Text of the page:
Winner: The first house. 1) Because our current house doesn’t have a den, and 2) Because our first house’s den was one of our favorite rooms ever – so cozy.  Although the room that we call “the living room” in our current house could have been a secondary living space/den, we opted to turn what used to be a formal living room into a spacious dining room to accommodate our huge family who couldn’t squeeze into the dining room behind it (which we made into the office). We don’t regret our decision to just have one huge casual room for TV, reading, playing, & hanging out, but we just have a special place in our heart for the comfy den that our first love – er, house, offered. I remember sitting on that sofa holding our newborn baby with Burger to my right and John to my left like it was yesterday. Sniffle.

Dining Room, Current House:

Winner: Current house. 1) Because those curtains are my babies and we’re enamored with the dark teal color that we painted on the back of the built-ins, and 2) Because our first house didn’t even have a dining room (it just had a dining nook in the corner of the living room). Well, originally it had a small dining room off of the other side of the kitchen but we closed off that doorway to turn it into a third bedroom which later became the nursery since we needed that space far more. It’s all much more clearly explained here.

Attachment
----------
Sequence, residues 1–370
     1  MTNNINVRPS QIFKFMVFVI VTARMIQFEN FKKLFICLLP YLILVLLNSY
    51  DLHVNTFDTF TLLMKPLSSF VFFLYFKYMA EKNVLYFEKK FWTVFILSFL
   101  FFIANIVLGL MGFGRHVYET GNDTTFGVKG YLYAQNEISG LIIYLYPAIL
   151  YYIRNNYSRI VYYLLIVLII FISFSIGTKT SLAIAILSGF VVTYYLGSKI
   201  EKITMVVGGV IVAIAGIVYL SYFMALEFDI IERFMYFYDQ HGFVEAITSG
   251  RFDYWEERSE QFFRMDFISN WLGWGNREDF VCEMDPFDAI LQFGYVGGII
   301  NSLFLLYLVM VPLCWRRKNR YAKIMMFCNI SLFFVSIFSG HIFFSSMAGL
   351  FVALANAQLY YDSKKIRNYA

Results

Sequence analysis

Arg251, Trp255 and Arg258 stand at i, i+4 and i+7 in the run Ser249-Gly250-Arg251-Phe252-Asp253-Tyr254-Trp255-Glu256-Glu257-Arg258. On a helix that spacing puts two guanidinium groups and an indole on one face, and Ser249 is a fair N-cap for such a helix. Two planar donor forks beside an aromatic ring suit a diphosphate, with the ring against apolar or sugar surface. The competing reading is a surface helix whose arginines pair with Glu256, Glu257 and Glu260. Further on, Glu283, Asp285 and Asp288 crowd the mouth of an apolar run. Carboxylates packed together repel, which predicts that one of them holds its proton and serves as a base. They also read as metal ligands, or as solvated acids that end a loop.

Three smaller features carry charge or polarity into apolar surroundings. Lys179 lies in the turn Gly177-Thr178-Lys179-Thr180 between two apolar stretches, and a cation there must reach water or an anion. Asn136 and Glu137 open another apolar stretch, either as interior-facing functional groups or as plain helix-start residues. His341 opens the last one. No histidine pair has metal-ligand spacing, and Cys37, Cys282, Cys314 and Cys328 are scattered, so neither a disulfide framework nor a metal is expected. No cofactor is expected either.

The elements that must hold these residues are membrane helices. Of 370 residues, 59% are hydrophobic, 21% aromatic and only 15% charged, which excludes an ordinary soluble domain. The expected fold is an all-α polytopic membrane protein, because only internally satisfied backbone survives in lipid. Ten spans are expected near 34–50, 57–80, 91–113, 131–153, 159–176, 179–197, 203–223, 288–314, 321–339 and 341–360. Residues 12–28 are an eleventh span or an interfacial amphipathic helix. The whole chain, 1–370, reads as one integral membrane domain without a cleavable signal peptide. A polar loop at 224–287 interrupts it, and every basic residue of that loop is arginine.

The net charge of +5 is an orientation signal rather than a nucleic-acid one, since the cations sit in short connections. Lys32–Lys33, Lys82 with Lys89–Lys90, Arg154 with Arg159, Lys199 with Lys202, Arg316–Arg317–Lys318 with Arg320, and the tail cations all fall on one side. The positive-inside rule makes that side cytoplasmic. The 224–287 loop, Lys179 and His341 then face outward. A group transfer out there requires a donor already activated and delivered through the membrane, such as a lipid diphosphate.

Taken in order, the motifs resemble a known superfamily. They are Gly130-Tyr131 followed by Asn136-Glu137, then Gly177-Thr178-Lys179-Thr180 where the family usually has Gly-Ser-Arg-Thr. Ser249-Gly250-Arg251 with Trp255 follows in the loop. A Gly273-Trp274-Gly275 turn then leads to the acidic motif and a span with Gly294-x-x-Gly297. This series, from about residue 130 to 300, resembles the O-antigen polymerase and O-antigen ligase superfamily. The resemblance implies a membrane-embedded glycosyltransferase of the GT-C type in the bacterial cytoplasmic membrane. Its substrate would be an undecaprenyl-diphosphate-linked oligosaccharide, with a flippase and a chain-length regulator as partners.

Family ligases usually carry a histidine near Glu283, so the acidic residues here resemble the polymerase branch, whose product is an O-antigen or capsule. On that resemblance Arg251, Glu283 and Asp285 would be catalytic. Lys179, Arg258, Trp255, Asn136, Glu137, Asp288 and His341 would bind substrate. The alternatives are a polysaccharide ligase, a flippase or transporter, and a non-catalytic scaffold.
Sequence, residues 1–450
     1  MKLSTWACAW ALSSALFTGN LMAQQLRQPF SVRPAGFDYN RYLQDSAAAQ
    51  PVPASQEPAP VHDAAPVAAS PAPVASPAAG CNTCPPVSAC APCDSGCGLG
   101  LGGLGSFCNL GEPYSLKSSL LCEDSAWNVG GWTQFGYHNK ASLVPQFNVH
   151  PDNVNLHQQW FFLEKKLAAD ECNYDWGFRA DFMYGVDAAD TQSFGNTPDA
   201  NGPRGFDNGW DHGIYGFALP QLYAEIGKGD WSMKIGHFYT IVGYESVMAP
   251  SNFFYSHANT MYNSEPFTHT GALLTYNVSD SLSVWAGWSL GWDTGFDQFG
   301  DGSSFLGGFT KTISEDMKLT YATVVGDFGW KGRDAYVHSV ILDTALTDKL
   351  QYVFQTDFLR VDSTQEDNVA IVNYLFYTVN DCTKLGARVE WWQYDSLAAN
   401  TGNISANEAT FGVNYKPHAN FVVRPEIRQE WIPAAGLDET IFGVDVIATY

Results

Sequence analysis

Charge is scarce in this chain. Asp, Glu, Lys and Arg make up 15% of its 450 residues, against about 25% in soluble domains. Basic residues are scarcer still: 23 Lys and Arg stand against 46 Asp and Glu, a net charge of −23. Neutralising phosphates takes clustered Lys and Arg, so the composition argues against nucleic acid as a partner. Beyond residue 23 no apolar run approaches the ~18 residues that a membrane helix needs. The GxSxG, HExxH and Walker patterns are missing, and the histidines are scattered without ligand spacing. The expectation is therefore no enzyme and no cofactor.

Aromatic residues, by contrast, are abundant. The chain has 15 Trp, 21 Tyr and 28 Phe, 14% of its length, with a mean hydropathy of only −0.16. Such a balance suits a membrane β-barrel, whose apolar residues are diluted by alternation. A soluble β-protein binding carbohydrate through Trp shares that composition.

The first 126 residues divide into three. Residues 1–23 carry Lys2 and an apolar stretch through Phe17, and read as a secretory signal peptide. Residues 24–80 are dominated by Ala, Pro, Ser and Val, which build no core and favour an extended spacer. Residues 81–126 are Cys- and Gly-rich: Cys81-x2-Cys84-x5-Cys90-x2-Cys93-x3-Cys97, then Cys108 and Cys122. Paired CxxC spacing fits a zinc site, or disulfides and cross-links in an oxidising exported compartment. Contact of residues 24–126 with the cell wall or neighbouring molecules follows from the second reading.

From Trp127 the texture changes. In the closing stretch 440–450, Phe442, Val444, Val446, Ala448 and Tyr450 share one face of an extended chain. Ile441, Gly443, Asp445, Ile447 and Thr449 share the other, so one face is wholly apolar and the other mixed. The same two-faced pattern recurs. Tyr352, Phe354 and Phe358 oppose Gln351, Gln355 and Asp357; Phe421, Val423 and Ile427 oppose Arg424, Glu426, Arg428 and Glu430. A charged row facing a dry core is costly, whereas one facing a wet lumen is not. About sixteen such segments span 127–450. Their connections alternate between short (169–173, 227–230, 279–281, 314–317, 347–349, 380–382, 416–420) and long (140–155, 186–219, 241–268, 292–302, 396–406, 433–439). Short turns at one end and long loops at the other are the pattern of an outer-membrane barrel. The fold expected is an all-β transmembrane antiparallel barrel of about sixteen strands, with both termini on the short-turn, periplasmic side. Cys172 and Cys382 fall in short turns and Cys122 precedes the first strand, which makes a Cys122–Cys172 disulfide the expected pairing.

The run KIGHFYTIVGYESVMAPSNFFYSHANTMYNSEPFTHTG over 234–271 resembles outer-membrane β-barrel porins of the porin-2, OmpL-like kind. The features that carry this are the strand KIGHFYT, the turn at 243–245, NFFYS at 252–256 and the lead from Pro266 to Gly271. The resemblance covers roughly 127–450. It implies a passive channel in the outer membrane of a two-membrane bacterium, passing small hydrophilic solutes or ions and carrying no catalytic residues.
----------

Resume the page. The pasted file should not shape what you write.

The Laundry Area, First House:

Laundry Area, Current House:

Winner: The current house. We love our new laundry space. Even though it’s narrow and we don’t have a surface for folding, it just feels happier. Plus we don’t have to fight all of our normal human urges to resist clutterering up a big long counter near the door like we did in our first house (it was always full of incoming or outbound stuff). And it’s more fun to fold laundry in front of the TV on the sofa in the living room anyway.

The Hall Bathroom, First House:

Hall Bathroom, Current House:

Winner: The first house. The stripes and the fun glass chandelier were so charming, and we loved the pedestal sink and the pocket door too. But the new hall bath isn’t just a toilet – there’s a tub in there, which is where Clara takes all of her baths. So maybe the current house wins for function but the first house wins for sweetness? Either way, that blank slate of a bathroom in the current house is begging for some love, so we’ll count this as a point for the first house until we tackle the new one, since that was our first instinct.

The Sunroom, First House:

The Sunroom, Current House:

Winner: First house, all the way. We have about ten million things on the list for the current one though, so maybe in a year or two it’ll give our first one a run for its money…